Kansas City Southern’s Sale to Canadian Pacific Approved

Canadian Pacific's $31 Billion Acquisition Marks First Major US Rail Merger in Two Decades
Canadian Pacific trains sitting at the main CP Rail train yard
Canadian Pacific trains sitting at the main CP Rail train yard in Toronto. (Nathan Denette/The Canadian Press via AP)

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By a 4-1 vote, the U.S. Surface Transportation Board on March 15 approved the more than $31 billion merger of Canadian Pacific Railway and the smaller but strategically significant Kansas City Southern Railroad. 

The deal is the nation’s first major rail merger in 25 years. The 212-page decision paves the way to creating the first single-line railroad linking Canada, the United States and Mexico. 

“This transaction should improve rather than degrade the performance of the industry,” the board said, citing substantial support from shippers.

Mexican and Canadian government regulators had signed off on the deal earlier.

STB said its vote authorizes Canadian Pacific to take control of Kansas City Southern as early as April 14. Canadian Pacific said it is reviewing the decision and will announce the next steps in the coming days.

However, CP officials were elated that the merger has cleared a key regulatory hurdle. 

“This decision clearly recognizes the many benefits of this historic combination,” Canadian Pacific President and CEO Keith Creel said in a statement. “These benefits are unparalleled for our employees, rail customers, communities and the North American economy at a time when the supply chains of these three great nations have never needed it more.”



The new railroad will be known as Canadian Pacific Kansas City, and it brings an end to a two-year-long process that started with Kansas City Southern being pursued by two Canadian railroads at the same time in a multibillion-dollar bidding battle that became bitter between CP and Canadian National. 

In the early months of the process, when it became known that KCS was available, Canadian National actually outbid CP by several billion dollars. Still, CN’s offer was rejected by the board because of concerns about competition and how its tracks overlapped with Kansas City Southern.

Still, the CP-Kansas City Southern merger also raised anti-competitive concerns within the U.S. Justice Department and the Federal Maritime Commission. 

A Kansas City Southern Railway locomotive

STB's vote authorizes Canadian Pacific to take control of Kansas City Southern as early as April 14. (Whitney Curtis/Bloomberg News)

STB said in its decision that the merger will help grow freight movement on railroads and move an estimated 64,000 truckloads of freight off North American roads.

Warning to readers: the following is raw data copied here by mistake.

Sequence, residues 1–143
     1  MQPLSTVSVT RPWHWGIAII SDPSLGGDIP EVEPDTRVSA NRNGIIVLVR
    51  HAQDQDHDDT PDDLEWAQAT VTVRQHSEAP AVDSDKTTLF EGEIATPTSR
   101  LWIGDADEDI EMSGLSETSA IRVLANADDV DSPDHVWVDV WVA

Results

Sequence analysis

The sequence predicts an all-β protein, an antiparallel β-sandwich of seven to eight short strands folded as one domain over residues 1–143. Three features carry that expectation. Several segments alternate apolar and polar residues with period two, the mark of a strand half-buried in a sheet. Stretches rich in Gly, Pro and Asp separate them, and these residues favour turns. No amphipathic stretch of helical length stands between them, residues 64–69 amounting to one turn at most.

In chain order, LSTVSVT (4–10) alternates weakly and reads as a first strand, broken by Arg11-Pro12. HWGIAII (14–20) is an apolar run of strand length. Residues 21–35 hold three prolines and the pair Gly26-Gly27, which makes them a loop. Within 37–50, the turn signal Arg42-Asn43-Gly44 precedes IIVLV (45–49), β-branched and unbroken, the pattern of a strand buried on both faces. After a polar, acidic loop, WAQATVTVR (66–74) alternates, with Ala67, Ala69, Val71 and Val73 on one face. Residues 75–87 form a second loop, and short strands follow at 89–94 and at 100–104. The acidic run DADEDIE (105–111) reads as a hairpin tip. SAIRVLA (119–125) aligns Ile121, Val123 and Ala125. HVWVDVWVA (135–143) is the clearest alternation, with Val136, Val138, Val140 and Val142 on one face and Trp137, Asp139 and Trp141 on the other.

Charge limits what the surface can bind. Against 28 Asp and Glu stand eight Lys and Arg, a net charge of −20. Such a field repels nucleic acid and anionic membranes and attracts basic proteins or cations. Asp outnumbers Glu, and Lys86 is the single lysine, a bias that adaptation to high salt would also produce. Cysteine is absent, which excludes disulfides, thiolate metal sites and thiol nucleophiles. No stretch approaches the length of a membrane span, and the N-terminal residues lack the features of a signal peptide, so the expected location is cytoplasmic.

Canadian Pacific trains sit idle on the tracks

Canadian Pacific trains sit idle on the tracks due to a strike at the main CP Rail train yard in Toronto in March 2022. (Nathan Denette/The Canadian Press via AP)

“We are cognizant of the economic impact of having this single-line service from Canada to Mexico through the United States, and we made some observations about that in our decision,” Chairman Martin Oberman said at a news conference. “The single-line service will be a great benefit to the U.S. economy and commerce. This will be a plus, moving a tremendous amount of grain that goes from the U.S. to Mexico. It will go there faster and cheaper. Moving automobile parts back and forth between the U.S. and automobile factories in Detroit and Canada will facilitate commerce. We were very aware of the economic benefits to this country by having this railroad come into existence.”

STB is imposing strict conditions to the merger, including what Oberman said is an “unprecedented seven-year oversight period,” when the new railroad will be monitored and, in addition to data-reporting requirements, CPKC will have to justify rate increase requests.

During that time, STB says it will collect data on train lengths to monitor community concerns about blocked crossings. As the length of trains has grown, in some cases to more than 1.5 miles, some communities have voiced concern about the projected increase of longer trains due to the merger.

During the review process, leaders of the two railroads pointed out that their respective tracks do not overlap but do connect in Kansas City, Mo. A merger would create the first direct route from the Canadian oil sand mines in Alberta to refineries in Texas that process heavy crude.

Canadian Pacific said it will take up to three years for the railroads to fully integrate their systems. During that time, they plan to upgrade their rail lines to support the projected increases in traffic in grain, car and truck parts, lumber, oil and other products. 

Even with the merger, STB noted that CP and KCS are smaller than the other Class I freight railroads, ranking sixth and seventh in size. The new carrier would remain the nation’s smallest Class I railroad. This marks the first major rail merger since 1998, when CSX and Norfolk Southern each took a share of Conrail.

Regarding commuter rail operations, where the two freight carriers lease those tracks for passenger traffic, STB said Amtrak might benefit because Canadian Pacific has agreed to allow Amtrak to add service in some corridors and pledged the merger will not hurt Amtrak operations.

In Chicago, the region’s Metra commuter service was opposed, but STB said in its investigation it is unlikely the merger will harm that area’s extensive commuter rail system.

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